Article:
To address that possibility, Banc One has extracted collateral from counterparties that exceeds their liabilities under the financial contracts. In addition, Mr. Lodge said, the bank has obtained unsecured lines of credit with major swap partners.
These arrangements are crucial, Mr. Lodge says, given that Banc One's $500 million unrealized gain on such contracts represents an identical loss for counterparties.
"Everybody could fail today -- everybody -- and it would not affect the economics of our book," he said.
Of course, some larger questions remain about derivatives, even with respect to Banc One.
Banks already have been pinched with regard to their securities investments by the imposition of partial mark-to-market accounting.
Forced to recognize changes in the market value of securities investments, but barred from recognizing potentially offsetting changes in the value of liabilities, they are shortening maturities -- and forfeiting yield -- so as to avoid volatility in earnings statements.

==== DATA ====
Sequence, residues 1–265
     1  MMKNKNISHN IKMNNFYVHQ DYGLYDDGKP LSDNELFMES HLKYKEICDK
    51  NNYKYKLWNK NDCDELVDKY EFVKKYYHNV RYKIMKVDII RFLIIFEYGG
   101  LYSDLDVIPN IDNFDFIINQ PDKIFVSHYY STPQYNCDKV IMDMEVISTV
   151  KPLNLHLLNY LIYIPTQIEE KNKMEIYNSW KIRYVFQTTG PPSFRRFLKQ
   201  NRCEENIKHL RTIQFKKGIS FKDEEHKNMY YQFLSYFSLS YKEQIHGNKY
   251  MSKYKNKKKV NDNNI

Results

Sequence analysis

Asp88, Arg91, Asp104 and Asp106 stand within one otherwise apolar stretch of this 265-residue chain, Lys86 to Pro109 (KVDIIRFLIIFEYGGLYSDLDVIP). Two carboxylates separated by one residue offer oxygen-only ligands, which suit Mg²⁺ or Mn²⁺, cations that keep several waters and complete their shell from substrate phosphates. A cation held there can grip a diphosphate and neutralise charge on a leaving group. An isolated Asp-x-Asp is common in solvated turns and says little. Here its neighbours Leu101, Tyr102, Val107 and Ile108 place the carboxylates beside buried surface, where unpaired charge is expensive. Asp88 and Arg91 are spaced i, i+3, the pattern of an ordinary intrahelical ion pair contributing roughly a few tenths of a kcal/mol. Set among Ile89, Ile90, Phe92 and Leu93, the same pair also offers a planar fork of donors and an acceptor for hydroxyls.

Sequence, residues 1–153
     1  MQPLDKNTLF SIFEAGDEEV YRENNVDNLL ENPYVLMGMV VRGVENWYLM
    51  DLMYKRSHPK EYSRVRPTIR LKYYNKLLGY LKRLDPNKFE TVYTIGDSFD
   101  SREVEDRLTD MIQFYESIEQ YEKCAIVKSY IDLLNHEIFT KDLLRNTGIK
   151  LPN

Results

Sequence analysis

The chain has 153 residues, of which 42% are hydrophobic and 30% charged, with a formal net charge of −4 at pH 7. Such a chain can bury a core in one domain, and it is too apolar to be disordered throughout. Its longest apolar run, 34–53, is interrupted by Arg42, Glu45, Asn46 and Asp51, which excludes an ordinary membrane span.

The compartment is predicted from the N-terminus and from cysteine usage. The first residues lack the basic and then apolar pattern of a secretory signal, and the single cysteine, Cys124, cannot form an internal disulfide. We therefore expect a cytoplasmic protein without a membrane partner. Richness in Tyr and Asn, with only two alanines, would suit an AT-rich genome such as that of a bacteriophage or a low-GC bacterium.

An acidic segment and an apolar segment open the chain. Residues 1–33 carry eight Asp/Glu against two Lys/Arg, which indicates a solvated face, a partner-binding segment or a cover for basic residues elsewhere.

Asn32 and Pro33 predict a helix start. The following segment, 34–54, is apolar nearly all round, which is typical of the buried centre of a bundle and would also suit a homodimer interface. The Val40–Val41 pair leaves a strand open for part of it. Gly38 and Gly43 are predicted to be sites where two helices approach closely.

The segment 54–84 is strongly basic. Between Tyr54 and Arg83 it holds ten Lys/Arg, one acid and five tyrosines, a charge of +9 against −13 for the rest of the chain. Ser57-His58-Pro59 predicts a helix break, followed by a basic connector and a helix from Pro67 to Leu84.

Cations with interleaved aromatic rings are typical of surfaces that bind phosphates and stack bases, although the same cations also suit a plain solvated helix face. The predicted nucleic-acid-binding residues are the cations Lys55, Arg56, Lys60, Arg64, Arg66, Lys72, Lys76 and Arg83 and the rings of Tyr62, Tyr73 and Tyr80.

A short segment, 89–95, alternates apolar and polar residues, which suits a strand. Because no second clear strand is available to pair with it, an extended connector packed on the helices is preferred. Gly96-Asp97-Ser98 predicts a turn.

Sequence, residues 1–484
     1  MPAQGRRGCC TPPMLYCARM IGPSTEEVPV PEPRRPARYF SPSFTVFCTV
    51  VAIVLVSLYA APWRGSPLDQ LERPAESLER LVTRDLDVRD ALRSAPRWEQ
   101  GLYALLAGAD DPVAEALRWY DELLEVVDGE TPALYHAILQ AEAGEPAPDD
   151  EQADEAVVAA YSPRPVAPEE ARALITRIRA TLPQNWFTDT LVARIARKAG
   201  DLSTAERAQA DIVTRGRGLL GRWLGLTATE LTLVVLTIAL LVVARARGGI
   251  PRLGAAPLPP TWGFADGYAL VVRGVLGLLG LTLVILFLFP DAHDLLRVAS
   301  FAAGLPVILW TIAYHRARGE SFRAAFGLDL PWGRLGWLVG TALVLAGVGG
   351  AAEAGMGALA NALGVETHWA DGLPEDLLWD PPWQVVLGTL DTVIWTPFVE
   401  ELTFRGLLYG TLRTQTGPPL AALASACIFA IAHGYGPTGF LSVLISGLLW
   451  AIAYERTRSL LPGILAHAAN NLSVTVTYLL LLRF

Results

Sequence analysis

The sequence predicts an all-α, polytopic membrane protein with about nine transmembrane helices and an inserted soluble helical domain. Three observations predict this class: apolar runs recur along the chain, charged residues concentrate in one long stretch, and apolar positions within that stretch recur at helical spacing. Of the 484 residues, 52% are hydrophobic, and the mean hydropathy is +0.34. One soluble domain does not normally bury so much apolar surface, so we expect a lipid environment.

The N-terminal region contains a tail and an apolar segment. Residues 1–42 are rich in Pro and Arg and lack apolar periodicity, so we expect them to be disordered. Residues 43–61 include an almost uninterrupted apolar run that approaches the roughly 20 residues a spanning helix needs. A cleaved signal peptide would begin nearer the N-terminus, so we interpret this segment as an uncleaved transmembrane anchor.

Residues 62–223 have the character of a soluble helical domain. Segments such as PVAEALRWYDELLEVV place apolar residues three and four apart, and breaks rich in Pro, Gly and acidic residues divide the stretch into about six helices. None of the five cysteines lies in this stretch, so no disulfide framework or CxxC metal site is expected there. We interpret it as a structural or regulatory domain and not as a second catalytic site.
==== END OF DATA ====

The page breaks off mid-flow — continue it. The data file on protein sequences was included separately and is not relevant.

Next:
Freedom from this accounting disparity with regard to swaps is what enables Mr. Lodge to say there would be a neutral effect on Banc One's equity if rates rise.
From the standpoint of reported results, it is easy to envision how the bank's risk management strategy could unravel if rising rates put his swaps book under water -- and accountants chronicle that event to the exclusion of corresponding appreciation in the value of the company's core bank.
"The Securities and Exchange Commission, some regulators, and the Financial Accounting Standards Board, I am afraid, are going to use mark-to-market accounting as the panacea for all the ills they perceive in the derivatives market," says Mr. Lodge. "That would inject a lot of volatility, so I am spending a lot of my time fending off accounting and regulatory reactions." [TABULAR DATA OMITTED]